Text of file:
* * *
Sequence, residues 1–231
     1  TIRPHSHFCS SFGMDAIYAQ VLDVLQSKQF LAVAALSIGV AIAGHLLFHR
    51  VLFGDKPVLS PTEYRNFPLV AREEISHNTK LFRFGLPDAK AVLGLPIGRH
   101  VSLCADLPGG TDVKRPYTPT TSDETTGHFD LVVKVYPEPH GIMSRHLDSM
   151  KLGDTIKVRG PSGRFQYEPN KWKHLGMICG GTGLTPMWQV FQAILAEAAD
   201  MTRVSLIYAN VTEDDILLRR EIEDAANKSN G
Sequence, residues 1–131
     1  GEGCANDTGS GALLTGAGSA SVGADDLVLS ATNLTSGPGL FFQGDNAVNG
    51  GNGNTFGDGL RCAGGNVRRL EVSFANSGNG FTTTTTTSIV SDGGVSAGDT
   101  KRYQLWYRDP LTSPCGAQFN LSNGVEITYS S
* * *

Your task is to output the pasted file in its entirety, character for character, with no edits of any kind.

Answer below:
Sequence, residues 1–231
     1  TIRPHSHFCS SFGMDAIYAQ VLDVLQSKQF LAVAALSIGV AIAGHLLFHR
    51  VLFGDKPVLS PTEYRNFPLV AREEISHNTK LFRFGLPDAK AVLGLPIGRH
   101  VSLCADLPGG TDVKRPYTPT TSDETTGHFD LVVKVYPEPH GIMSRHLDSM
   151  KLGDTIKVRG PSGRFQYEPN KWKHLGMICG GTGLTPMWQV FQAILAEAAD
   201  MTRVSLIYAN VTEDDILLRR EIEDAANKSN G
Sequence, residues 1–131
     1  GEGCANDTGS GALLTGAGSA SVGADDLVLS ATNLTSGPGL FFQGDNAVNG
    51  GNGNTFGDGL RCAGGNVRRL EVSFANSGNG FTTTTTTSIV SDGGVSAGDT
   101  KRYQLWYRDP LTSPCGAQFN LSNGVEITYS S